Our housing cloud is lined with silver pricing
by Matt Edens
Housing starts, home sales, and the wildly seesawing stock market: Itâ’s as if every day the newspaper brings a new set of disturbing numbers. Even Knoxvilleâ’s relatively robust real estate sector isnâ’t immune from the fallout from the nationâ’s free-falling housing market and rising foreclosure rate. Just last week, General Shale Brick announced it was closing its Riverside Drive facility due to reduced demand, resulting in the loss of 65 jobs.
Luckily, last weekâ’s news also included a couple of encouraging stories on the local housing frontâ"even if one of them wasnâ’t exactly reported that way.
â“Brownlow Sales Slowâ” said the headline in the News Sentinel, announcing the results of last Tuesdayâ’s auction. Redevelopment of the historic school, standing on 4th and Gillâ’s northern end, has been troubled ever since the county sold off the building several years ago. And it may still be, depending on whether developer Kinsey-Probasco-Hayes feels that pre-sales of 13 of the projectâ’s 35 units is enough to justify proceeding with construction.
So why am I encouraged? The answer lies at the center of the on-again, off-again plans to convert the building into condos: sales prices per square foot. Recall that downtownâ’s resurgent residential development didnâ’t make the shift from rental units to owner-occupied condos until prices had pushed past the $150 per square foot mark. That benchmark, coupled with 4th and Gillâ’s resistance to new rental units in the neighborhood, put would-be Brownlow developers in a bind. Previously, the upper end for fully restored properties in 4th and Gillâ"freestanding homes, too, not condosâ"came in at about $125 per square foot. And as far as Iâ’m aware, only one or two houses crossed the $120 threshold, with most sales hovering just above $100 per square foot. So, while the $122 to $196 per square foot prices Brownlowâ’s condos came in might not seem too impressive compared to downtown, the supposedly disappointing auction results have pushed 4th and Gillâ’s price ceiling up by a considerable marginâ"almost 57 percent by my back-of-the-envelope calculations. Sure, those 13 sales may not be enough to move the project forward, but the prices people were willing to pay for them is still welcome news for anyone else looking to sell a house in the neighborhood.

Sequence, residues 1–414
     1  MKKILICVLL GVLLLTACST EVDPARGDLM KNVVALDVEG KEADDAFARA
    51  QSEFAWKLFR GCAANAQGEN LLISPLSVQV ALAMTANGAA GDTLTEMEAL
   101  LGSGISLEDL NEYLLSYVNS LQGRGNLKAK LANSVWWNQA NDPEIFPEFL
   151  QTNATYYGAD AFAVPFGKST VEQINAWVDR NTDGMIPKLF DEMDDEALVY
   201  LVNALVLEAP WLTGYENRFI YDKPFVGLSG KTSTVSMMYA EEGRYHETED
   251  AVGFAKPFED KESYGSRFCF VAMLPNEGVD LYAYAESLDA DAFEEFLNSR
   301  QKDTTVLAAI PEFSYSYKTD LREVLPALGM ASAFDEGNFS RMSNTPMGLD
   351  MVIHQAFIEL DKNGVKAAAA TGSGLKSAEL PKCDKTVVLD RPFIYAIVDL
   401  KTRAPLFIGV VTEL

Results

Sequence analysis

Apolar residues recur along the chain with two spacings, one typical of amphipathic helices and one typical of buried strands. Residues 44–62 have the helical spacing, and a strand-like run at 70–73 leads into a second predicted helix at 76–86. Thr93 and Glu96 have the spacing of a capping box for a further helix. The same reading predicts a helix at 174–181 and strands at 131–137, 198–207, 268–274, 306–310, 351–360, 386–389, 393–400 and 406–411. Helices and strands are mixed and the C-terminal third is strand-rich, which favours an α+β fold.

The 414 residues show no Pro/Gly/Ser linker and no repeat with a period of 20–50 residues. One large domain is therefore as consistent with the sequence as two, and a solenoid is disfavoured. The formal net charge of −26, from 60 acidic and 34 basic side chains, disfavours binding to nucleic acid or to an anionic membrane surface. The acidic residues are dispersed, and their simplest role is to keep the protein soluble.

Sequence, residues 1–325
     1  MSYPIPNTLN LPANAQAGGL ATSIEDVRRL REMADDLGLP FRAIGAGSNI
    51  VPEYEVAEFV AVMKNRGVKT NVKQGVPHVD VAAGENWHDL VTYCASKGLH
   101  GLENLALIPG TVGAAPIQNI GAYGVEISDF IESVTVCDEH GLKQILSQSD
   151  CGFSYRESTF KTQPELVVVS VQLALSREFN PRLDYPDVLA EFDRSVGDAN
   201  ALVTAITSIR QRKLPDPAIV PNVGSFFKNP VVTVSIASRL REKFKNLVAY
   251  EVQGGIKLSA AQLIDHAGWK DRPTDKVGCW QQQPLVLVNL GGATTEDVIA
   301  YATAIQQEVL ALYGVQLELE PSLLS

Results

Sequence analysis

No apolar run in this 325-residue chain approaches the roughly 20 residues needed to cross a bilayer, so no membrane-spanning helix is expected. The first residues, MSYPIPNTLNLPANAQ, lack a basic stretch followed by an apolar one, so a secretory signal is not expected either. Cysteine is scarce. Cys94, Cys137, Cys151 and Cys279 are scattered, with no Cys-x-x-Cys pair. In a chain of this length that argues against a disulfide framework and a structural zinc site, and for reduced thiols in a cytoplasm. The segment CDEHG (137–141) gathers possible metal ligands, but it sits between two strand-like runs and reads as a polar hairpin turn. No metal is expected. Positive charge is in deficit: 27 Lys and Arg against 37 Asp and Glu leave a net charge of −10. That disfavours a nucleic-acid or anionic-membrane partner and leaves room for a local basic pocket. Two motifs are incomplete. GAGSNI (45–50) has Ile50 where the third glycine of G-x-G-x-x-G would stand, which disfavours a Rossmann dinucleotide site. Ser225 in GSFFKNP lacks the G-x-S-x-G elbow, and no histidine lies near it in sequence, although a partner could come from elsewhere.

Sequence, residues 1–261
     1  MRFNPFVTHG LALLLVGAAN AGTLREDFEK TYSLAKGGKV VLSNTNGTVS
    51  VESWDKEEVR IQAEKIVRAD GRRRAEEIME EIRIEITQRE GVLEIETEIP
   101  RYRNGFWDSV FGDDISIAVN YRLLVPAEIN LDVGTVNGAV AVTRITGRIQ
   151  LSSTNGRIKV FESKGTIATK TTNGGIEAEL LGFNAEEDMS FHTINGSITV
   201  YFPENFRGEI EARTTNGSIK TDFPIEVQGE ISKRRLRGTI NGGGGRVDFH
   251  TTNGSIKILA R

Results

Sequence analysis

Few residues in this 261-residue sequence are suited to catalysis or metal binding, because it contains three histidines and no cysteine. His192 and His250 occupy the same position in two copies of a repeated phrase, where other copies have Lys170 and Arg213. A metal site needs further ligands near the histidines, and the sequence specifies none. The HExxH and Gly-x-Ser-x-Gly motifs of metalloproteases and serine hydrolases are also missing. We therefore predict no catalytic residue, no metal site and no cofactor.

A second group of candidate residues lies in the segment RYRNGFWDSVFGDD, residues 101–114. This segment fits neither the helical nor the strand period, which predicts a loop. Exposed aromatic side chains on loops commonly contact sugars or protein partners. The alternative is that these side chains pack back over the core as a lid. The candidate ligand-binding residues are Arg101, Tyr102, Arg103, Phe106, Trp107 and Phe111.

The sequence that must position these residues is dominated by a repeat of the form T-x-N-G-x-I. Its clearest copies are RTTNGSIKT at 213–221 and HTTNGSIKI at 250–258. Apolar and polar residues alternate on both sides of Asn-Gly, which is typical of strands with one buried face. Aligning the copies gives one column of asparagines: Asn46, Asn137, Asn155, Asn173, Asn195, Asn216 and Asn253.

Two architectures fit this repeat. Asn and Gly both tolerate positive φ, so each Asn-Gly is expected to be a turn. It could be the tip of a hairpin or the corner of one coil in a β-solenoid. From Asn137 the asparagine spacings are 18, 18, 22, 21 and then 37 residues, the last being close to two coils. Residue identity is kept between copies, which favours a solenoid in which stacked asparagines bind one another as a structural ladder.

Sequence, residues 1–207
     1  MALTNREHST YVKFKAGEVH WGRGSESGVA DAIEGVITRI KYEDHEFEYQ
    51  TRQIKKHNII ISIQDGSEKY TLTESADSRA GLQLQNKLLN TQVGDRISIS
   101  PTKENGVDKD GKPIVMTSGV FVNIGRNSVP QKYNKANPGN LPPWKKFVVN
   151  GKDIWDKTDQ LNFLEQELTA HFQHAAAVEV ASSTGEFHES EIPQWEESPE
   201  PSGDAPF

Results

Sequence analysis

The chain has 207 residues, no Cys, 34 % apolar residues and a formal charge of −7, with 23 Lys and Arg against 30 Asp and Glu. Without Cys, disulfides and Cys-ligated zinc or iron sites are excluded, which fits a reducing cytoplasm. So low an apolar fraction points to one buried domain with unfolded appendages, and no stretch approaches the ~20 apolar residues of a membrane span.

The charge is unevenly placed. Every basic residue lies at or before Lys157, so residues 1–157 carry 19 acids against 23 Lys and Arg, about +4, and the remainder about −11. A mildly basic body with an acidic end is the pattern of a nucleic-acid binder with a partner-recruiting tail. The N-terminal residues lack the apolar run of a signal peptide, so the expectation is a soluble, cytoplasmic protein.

The same goes for the two George Barber-designed homes in Parkridge, recently sold by Knox Heritage. Lavishly restored with funding from HGTV and The National Trustâ’s Restore America initiative, both homes were listed for sale at just over $100 a square foot, which worked out to $224,900 for the larger of the two. Those figures might seem a bargain for 4th and Gill, but theyâ’re an almost 20 percent jump in Parkridgeâ’s previous price per square foot record and include the first listing Iâ’m aware of over the $200,000 mark. Even more remarkable, barely a week after being open for the neighborhoodâ’s annual home tour, both houses are currently under contractâ"and each contract is a full-price offer. Not bad for a neighborhood where prices have mostly hovered around the $60-$70 per square foot range. Makes me wish weâ’d held onto our own house in the neighborhood for a few more years (it sold in 2005 for a mere $57 a square foot).
Even more impressive is the larger context these sales occurred in. News about the nationâ’s housing market isnâ’t exactly positive. Prices are slipping in many places, and homes are sitting unsold while lenders are less anxious to make loans. Sure, much of the bubble bypassed Knoxville in the first place, but Iâ’ve always been surprised how quickly into downtownâ’s high-profile residential boom some people started circling, predicting the inevitable bust. However, as the still-climbing numbers in the neighborhoods around downtown demonstrate, rather than imploding, downtownâ’s residential resurgence continues to ripple outward.
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